Are you trying to convince board members that levelling the male to female ratio in top management is not just about portraying gender equality and equal opportunity? Or considering the promotion of gender diversity to top management in your own company, but not certain how much resource you can ‘afford’ to use on the change? Then this factsheet on why promoting gender diversity to top management may be just what you need!
A socially diverse team is more likely to question and amend ideas to suit more types of people before releasing a more effective ‘finished product decision’. As with including any social diversity in a team, including both males and females brings together a wider range of knowledge, skills and points of view and so improves team abilities, especially in the case of the decision making process. A ‘culture club’ management team (of very little social diversity) may come to a decision very quickly but with very little distance between the original idea and the ‘finished product decision’ it is likely to fall short of the success it could have made with more varied input. However, having a ‘token’ female on the management team is not enough, as including females in top management is not ‘just’ about social diversity, some other factors to consider follow.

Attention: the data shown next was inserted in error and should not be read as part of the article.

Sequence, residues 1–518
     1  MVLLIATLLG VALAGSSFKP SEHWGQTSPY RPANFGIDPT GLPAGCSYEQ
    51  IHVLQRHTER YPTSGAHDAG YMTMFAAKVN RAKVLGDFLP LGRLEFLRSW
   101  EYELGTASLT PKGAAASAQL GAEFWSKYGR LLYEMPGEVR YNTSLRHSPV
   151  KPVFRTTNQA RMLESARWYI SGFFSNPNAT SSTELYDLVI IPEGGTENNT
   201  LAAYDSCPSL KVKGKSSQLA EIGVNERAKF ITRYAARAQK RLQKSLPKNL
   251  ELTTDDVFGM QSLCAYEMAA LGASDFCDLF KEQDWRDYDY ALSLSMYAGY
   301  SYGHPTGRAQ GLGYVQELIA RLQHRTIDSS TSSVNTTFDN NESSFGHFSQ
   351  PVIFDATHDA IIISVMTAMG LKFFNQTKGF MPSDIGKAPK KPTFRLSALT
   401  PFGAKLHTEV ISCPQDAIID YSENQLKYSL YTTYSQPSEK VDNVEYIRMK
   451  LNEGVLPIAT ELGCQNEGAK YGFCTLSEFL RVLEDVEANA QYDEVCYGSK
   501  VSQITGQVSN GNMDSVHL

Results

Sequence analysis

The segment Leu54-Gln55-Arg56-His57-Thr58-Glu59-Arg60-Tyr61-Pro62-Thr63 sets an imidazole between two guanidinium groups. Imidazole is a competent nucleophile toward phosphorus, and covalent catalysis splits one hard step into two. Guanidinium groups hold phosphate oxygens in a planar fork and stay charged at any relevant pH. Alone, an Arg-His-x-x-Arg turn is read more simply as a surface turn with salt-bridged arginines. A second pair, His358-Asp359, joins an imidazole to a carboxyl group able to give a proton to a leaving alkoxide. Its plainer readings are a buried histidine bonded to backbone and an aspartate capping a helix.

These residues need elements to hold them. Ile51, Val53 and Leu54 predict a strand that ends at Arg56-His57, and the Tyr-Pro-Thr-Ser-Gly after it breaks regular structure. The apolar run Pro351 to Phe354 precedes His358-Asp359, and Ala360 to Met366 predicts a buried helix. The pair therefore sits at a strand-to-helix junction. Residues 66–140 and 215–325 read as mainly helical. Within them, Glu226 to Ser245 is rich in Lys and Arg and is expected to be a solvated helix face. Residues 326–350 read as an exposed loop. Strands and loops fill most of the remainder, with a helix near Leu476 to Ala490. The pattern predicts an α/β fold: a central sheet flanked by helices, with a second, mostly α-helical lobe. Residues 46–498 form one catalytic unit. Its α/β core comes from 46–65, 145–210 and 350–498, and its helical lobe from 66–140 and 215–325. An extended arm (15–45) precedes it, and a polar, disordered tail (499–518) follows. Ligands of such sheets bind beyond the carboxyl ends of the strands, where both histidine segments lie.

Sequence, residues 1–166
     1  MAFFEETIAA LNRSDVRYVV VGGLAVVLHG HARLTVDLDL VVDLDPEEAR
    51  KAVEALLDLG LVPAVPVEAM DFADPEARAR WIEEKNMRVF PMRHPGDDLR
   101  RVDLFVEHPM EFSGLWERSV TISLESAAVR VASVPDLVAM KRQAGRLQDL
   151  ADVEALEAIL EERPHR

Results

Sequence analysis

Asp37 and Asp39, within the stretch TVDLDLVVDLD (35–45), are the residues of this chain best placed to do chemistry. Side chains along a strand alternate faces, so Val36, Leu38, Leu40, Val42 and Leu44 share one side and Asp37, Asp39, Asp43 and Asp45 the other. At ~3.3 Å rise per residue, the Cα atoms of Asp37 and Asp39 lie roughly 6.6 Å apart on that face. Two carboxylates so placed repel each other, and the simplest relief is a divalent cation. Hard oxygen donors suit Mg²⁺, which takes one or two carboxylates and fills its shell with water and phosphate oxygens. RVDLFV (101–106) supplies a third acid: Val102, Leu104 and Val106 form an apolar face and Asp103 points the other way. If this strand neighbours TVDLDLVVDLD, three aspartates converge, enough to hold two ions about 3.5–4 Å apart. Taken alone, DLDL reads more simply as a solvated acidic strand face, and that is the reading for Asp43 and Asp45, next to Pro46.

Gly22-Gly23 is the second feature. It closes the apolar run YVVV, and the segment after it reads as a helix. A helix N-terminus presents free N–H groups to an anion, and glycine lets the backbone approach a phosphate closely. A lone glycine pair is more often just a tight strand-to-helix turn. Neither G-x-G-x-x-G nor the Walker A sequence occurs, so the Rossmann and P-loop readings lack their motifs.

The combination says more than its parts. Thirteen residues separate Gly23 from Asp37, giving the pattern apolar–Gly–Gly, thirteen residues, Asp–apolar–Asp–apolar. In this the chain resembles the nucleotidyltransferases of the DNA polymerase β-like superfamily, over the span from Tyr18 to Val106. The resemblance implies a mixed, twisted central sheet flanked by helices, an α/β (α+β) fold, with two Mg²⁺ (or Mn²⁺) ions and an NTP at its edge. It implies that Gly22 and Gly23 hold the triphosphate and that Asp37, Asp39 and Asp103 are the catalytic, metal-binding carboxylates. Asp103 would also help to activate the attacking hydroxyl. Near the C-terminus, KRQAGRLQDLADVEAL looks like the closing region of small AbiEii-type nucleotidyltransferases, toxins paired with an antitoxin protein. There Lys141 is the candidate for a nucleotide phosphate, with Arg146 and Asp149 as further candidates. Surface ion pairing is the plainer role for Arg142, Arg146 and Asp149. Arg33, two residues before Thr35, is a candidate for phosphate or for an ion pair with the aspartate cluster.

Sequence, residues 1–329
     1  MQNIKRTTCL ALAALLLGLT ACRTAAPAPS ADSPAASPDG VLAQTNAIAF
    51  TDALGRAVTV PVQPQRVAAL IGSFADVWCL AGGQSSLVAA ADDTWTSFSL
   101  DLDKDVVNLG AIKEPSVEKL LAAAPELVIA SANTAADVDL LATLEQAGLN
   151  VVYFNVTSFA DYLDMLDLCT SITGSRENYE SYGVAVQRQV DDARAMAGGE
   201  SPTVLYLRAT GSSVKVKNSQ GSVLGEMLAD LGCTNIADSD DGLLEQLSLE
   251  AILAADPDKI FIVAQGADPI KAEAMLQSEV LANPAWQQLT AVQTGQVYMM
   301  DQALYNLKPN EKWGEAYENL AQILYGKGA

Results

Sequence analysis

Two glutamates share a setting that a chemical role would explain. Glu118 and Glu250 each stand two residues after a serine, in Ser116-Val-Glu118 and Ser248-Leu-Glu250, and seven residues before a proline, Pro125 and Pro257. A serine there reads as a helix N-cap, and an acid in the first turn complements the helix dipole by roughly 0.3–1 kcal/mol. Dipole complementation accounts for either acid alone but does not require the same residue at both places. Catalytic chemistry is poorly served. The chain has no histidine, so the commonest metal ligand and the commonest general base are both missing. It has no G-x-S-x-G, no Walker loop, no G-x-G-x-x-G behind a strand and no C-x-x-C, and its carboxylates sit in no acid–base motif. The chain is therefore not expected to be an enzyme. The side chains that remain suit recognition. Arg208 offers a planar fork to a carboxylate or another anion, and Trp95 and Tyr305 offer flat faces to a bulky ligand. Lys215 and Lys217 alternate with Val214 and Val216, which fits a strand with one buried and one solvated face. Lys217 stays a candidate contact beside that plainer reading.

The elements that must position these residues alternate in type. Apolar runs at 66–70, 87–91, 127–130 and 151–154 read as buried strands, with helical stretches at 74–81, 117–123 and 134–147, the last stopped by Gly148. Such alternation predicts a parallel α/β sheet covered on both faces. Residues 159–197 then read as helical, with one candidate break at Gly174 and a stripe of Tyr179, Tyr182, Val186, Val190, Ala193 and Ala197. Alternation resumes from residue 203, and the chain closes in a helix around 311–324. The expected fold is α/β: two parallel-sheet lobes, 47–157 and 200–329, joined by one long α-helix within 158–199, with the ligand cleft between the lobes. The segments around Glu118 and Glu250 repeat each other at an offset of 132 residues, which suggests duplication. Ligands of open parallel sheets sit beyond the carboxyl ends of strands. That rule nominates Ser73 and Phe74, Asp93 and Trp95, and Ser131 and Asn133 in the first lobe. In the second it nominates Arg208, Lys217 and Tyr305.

During the 15months since the Lord Davies Report in 2011 the percentage of female non-executives on FTSE 100 boards increased from 15.6% to 22.4% while the percentage of female executives is still abysmal at 6.6%! While it appears that companies are finding it relatively easy to outsource to bridge the female gap in non-executive board positions, the ability to find and nurture female talent up through top management to executive positions appears to be lacking.
Unfair treatment of employees returning from maternity leave
Inflexible working hours not allowing for child-minding responsibilities
Unequal pay and bonuses for equal work performance across genders
These age old sex discrimination issues and more are still not being dealt with by HR policies. This is crippling UK businesses in their ability to feed high achieving female employees up the management pipe-line, leading to poor gender diversity in the top management positions.